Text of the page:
1. Phishing and stolen credit cards. This accounts for 30 per cent of all fraud attacks on online merchants;

  2. Friendly fraud by customers requesting chargebacks for items they ordered and received. This accounts for 40% of all fraud attacks on online merchants; and

  3. Merchant fraud where scammers clone legitimate e-commerce stores and masquerade as them.

To incentivise e-commerce platforms to develop AI capabilities that will help prevent such scams, ICMS should include the development of novel scam-prevention AI in its evaluation metrics.

So how can e-commerce platforms step up their AI game to combat fraud? Let’s look at three ways this can be done.

Anomaly detection using machine learning

This method of fraud detection and prevention works best when applied to frequent customers.

Once someone has transacted on an e-commerce site a few times, the AI embedded in the e-commerce site can study their online behavioural patterns. Using its machine learning algorithm, it can come up with a range of behaviours considered “normal” for this user.

If their usage deviates from what is deemed “normal” based on past behaviour, the e-commerce site could throw up a verification check to ensure no fraudulent party has assumed control of the user’s account.

Examples of this would be:

  1. User who has a history of purchasing low-value items is attempting to purchase a high-value item;

  2. User changes their address after consistently ordering items to a different address in the past; and

  3. User’s click patterns and page navigation patterns are incongruous with their past usage.

Biometric authentication using computer vision

Every transaction on an e-commerce site could require facial recognition or fingerprint recognition-based authentication.

This isn’t a wild suggestion, as every iPhone user will be able to testify. Apple has already implemented biometric verification (face ID or touch ID) for all Apple Store purchases.

So why can’t e-commerce sites implement this, especially since phones are fast becoming most people’s primary computing device?

This simple AI verification layer will ensure scammers can’t use stolen credit cards or phones to authorise fraudulent transactions. This technique will entirely neuter identity theft - one of the most prevalent forms of online fraud.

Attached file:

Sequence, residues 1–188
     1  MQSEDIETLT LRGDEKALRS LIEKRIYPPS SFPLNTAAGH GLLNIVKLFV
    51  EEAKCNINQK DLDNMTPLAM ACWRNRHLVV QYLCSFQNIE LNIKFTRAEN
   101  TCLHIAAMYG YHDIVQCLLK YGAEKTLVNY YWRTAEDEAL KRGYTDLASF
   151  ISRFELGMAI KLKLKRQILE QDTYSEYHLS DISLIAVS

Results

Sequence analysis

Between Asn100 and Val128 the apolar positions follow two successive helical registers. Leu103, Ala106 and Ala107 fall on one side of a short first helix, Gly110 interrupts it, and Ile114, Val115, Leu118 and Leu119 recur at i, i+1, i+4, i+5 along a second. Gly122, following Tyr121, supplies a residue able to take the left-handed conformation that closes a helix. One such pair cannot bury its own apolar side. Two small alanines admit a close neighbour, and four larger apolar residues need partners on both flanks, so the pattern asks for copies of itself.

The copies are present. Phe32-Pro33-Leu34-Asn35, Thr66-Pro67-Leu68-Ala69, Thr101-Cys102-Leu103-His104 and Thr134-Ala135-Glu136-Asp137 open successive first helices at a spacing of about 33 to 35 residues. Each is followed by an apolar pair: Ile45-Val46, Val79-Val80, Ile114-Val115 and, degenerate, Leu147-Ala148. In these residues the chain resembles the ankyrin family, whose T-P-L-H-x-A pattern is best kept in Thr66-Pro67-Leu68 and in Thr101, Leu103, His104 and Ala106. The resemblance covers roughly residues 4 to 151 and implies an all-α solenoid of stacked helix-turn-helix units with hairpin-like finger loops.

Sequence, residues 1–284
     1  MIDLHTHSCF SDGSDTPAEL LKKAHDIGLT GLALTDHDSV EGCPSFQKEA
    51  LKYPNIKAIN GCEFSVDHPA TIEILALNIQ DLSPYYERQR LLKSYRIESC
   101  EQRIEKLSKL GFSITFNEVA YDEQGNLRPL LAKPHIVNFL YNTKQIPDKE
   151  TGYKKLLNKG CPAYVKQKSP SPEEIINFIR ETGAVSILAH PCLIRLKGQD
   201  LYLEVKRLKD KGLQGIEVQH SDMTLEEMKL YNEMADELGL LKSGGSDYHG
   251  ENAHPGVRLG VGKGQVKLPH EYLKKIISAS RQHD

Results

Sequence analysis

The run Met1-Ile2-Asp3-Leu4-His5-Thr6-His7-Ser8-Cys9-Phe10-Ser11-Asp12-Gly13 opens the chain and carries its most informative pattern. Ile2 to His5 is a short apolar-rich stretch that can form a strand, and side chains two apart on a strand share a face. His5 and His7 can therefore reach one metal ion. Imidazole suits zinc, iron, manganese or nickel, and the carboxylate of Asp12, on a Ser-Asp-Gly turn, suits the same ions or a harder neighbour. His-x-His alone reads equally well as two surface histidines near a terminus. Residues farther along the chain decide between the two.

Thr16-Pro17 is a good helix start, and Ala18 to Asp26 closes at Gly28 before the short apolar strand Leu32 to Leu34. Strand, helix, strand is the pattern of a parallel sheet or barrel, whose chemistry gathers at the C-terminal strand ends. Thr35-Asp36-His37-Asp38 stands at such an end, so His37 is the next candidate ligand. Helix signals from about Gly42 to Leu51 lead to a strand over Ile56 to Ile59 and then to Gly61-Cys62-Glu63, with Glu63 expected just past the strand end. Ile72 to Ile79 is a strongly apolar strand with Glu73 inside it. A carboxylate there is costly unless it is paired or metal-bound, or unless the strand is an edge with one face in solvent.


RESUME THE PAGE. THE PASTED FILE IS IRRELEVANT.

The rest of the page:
This technique would also eliminate chargeback disputes - a form of “friendly fraud” where a customer alleges that an order was fraudulent once they receive the item, triggering a refund - the modern version of trying to have the cake and eat it.

Storefront likeness detection using machine learning

Triangulation fraud - when a scammer clones a popular, existing e-commerce store - is mushrooming.

These fraudulent stores then buy the corresponding product from the actual store and ship it to the customer. But in the process, they steal the customer’s card and personal data.

To combat this, AI algorithms that detect store likeness, recency of store setup, legitimacy of store owner’s profile and other relevant metrics should be developed.

Stores that seem fraudulent should be temporarily frozen, pending a more thorough review, thus ensuring users aren’t scammed in the interim.

Sure, implementing all these AI algorithms won’t entirely eradicate e-commerce scams, but, if they are honed over years and trained on an extensive enough dataset, I am confident a majority of these scams will soon become yesteryear concerns.

Kathirgugan is an inventor and food robotics pioneer who has worked in Silicon Valley, Shenzhen and Singapore. He believes in the power of technology and capitalism to make the world a better place. All views expressed are the writer's own.